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What Madison Holleran's Suicide Taught Me About Chasing Perfection

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Editor’s note: If you experience suicidal thoughts or have lost someone to suicide, the following post could be potentially triggering. You can contact the Crisis Text Line by texting “START” to 741-741.

My chemistry professor stopped in the middle of his lesson this week and turned toward the quiet the room of freshman.

“If there’s one thing I would change about Washington and Lee students,” he began, “I would wave my magic wand to make you all less afraid of making mistakes.” He went on to preach about how mistakes contribute to the most efficient learning.

This week also happened to mark the third anniversary of Madison Holleran’s death. When my professor turned to the class, I couldn’t help but think Maddy was somehow speaking to me through his words. Maddy’s story has been publicized across the nation, as people over the last three years have become even more infatuated with the girl than they were before her death.

I knew Maddy as a teammate my freshman year. She was a track star, a soccer phenomenon and an academic genius. The girl practically had a fan club, made up of high schoolers, parents, news reporters, sports fans, teachers and coaches.

She had led the Northern Highlands Girls Soccer team to consecutive state championships. She set and beat her own records on the track. She was a member of the National Honor Society. She was absolutely stunning. She was a role model to us little freshmen, someone I personally admired for her beauty, humility and grace. More importantly, she was the daughter to two of the most loving parents in town. She was the middle sister to a crazy group of five siblings. She was the best friend to some, although she was honestly friendly with the whole school.

This is Holleran’s story as told by ESPN.

For those who don’t know the tragic events of Madison Holleran, I’ll provide you with the basics, although the over 700,000 hits from a Google search of her name can also serve that purpose.

On January 17th, 2014, Maddy left her UPenn dorm room to walk around the city of Philadelphia. She stopped at Rittenhouse Square to Instagram a captionless, scenery picture of the tranquil park lights just as dusk began to creep in on the end of the day. Maddy proceeded a block away to a parking garage. There, she would end her own life. Every person that has heard this story seems to have his or her own opinions about Maddy’s “cause of death.” While there’s no doubt that she struggled silently with anxiety and depression, both the media and Madison’s parents have rationalized this tragedy.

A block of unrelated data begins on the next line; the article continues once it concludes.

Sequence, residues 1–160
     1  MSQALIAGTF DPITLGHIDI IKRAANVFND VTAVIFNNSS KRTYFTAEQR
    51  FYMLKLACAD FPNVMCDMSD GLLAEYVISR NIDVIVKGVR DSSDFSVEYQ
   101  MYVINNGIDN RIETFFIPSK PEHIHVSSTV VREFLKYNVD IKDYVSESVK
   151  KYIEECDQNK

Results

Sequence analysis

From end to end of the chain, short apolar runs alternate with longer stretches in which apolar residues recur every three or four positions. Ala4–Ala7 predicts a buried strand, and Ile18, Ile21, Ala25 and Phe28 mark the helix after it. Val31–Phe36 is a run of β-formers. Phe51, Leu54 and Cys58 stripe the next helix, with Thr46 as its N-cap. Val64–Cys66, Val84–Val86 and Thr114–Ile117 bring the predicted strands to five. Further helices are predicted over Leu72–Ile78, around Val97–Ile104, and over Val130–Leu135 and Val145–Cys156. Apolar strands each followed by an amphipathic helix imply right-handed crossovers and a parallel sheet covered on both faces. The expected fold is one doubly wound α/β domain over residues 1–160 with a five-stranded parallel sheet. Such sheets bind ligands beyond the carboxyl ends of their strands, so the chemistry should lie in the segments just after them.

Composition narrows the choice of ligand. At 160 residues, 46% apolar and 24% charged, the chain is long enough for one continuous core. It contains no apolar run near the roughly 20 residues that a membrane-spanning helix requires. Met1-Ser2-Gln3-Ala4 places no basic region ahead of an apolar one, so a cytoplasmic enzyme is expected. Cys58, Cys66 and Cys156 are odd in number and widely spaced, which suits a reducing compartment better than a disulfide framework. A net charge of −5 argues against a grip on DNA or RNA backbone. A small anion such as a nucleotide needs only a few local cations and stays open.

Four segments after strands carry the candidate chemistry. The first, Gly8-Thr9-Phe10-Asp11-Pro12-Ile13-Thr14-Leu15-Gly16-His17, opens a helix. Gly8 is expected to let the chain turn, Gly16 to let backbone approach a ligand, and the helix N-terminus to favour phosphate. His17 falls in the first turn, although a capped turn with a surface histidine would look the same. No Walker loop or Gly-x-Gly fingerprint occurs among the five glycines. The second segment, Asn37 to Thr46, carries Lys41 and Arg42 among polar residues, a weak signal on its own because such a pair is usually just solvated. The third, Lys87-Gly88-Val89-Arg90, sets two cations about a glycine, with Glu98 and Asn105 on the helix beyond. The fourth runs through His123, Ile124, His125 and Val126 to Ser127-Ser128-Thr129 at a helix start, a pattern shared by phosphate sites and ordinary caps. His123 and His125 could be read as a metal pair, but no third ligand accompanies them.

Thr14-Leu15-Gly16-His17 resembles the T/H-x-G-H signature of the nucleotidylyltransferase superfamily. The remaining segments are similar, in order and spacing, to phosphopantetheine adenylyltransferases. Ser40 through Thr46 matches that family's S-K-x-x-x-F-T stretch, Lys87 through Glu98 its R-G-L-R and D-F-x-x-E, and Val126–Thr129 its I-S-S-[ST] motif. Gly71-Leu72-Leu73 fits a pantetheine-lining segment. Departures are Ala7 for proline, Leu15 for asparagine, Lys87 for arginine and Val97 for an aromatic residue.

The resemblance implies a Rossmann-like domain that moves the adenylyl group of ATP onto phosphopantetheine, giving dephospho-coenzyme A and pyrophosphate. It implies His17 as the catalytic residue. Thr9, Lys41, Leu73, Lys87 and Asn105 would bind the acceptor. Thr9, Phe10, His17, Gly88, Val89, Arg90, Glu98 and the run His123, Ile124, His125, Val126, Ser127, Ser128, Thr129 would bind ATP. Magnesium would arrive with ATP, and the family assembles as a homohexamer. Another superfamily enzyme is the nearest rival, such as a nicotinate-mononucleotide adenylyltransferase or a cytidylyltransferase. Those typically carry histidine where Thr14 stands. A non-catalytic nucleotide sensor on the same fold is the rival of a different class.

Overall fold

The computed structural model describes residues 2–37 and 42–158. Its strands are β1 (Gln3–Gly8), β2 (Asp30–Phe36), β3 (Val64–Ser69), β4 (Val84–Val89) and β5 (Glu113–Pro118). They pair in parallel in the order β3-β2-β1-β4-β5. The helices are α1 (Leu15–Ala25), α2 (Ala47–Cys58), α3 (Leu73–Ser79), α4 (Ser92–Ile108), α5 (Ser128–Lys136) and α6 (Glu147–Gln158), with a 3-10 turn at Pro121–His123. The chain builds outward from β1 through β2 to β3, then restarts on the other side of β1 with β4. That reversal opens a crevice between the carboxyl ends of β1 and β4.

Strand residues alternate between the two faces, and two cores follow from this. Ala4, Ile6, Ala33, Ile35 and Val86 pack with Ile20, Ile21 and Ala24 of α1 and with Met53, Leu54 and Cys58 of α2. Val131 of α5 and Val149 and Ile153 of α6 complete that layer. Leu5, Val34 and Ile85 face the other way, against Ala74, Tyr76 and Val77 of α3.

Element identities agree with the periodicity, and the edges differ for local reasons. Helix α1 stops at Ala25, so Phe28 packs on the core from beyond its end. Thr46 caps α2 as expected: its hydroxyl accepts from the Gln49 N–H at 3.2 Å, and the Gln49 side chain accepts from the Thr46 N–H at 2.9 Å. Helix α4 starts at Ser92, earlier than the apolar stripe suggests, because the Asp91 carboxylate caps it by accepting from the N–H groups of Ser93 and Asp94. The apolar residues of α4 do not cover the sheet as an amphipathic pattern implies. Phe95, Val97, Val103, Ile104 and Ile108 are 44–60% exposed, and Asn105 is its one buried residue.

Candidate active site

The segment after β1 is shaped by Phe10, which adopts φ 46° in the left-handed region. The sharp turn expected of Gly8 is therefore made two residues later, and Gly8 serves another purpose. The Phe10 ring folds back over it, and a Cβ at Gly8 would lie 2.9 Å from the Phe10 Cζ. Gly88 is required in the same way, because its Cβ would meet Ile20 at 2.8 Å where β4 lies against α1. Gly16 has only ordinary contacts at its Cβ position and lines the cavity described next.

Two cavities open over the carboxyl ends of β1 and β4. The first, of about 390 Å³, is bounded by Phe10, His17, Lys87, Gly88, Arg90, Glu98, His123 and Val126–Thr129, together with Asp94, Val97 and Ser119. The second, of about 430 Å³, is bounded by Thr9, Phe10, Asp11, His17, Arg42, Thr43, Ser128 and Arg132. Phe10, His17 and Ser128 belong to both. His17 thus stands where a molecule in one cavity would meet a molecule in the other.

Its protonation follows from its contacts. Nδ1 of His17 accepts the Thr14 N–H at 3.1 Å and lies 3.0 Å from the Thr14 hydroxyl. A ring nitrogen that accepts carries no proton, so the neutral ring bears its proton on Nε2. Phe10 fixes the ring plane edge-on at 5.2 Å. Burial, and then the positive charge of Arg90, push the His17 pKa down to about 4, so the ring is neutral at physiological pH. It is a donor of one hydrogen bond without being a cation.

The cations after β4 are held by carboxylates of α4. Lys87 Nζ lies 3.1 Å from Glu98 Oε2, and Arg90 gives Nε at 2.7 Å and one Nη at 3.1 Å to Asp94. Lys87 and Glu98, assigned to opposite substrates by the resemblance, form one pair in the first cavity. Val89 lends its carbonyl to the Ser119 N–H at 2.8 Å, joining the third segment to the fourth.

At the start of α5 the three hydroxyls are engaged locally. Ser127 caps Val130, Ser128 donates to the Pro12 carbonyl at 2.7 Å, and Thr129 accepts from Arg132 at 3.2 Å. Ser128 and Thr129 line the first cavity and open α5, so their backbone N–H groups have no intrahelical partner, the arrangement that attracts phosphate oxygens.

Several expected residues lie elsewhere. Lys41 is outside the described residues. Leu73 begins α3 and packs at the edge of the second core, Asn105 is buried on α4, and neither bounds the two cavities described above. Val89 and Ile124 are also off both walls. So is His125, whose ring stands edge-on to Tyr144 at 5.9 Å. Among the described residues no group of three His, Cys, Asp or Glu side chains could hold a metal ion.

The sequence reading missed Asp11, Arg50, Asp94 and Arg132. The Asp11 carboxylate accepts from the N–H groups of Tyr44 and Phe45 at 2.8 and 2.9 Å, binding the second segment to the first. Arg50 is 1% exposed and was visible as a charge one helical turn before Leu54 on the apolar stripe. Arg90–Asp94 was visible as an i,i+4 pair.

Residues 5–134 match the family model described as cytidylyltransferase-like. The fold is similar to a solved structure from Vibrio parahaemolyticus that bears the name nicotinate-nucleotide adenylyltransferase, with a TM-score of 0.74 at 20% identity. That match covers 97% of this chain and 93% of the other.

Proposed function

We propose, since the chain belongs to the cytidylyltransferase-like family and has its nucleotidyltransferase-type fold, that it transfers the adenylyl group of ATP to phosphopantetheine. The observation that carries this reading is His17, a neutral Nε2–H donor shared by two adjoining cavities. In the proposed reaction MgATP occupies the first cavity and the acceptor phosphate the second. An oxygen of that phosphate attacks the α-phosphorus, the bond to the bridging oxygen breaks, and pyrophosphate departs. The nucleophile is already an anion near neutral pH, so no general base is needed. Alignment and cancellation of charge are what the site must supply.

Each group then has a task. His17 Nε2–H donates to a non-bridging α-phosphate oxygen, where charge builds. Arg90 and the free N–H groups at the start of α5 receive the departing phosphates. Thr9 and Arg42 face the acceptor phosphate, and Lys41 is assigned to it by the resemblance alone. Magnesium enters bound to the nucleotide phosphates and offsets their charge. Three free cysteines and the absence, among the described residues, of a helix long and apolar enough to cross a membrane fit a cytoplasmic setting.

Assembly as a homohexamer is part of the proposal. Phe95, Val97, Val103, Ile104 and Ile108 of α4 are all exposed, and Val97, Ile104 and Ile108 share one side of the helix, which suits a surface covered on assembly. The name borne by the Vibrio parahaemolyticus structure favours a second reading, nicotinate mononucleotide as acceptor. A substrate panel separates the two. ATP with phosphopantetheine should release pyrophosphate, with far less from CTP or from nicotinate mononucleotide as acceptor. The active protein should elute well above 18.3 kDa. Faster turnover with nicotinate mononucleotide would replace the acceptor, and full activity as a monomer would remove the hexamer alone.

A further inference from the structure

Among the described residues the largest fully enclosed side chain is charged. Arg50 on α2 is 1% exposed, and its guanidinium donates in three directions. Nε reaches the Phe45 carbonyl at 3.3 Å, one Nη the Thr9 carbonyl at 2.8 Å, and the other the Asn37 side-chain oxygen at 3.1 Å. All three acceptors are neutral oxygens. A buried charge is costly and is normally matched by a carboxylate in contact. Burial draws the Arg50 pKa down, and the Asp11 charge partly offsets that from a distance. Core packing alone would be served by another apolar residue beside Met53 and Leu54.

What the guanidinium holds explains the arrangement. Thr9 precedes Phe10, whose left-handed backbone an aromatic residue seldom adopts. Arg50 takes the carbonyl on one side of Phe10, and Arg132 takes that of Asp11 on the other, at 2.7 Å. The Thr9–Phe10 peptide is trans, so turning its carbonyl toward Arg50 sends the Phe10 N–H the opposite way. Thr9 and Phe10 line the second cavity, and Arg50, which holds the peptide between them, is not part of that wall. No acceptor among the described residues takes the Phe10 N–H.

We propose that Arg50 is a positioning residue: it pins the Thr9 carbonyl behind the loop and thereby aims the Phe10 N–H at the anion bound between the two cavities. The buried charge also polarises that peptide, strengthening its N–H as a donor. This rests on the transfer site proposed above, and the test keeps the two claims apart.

Most seem to think Maddy fell off the metaphorical pedestal that she — and we all — had constantly placed her on. People claimed when UPenn turned out to be harder in all aspects of life (socially, athletically and academically), she couldn’t quite manage the struggle. They said she didn’t know how to cope with her less than perfect college life and felt like she couldn’t ask for help. They said Maddy was the girl who once had it all.

Maddy ran after perfection. But now where is she?

While part of me hates how publicized this personal tragedy has become, her story does serve as a lesson to help students for the better. This is especially true in college, where the rigor of classes, intense social scene and demanding schedules can be quite hectic.

Maddy’s loving parents have since started a campaign for students, under the slogan “It’s OK to not be OK,” made famous by ESPN coverage.

In my chemistry professor’s 14 years of teaching at this school, the one thing he would change is our willingness to make mistakes, to be wrong sometimes, to struggle and ask for help. Whether this be by raising your hand in chemistry class to take a risk on a question you don’t quite understand or taking advantage of the free counseling services on campus, the idea remains. Might I add, college may be the last time there will be eager professionals at your full disposal.

College has its demands, but it also has an amazing, uplifting community. There’s no need to maintain a façade at all times with all people. Whether you find an outlet in a best friend, professor, coach, counselor or RA, it’s important to have someone with whom you can let down your walls. In the coming months, especially during the infamous college winter blues, I hope all of us students can support one another, cope with the tough stuff and most importantly, ask for help when needed.

When we find ourselves chasing unrealistic excellence, let’s slow down and take a step back. The only consolation I can give is that no one at this school, no one anywhere, can catch perfection.

For more information about Maddy’s story or how to give a kind donation, please see The Madison Holleran Foundation.

This post originally appeared on The Odyssey.

If you or someone you know needs help, visit our suicide prevention resources page.

If you need support right now, call the National Suicide Prevention Lifeline at 1-800-273-8255 or text “START” to 741-741.

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Thinkstock photo via In Memory of Madison Holleran Facebook.

Originally published: March 13, 2017
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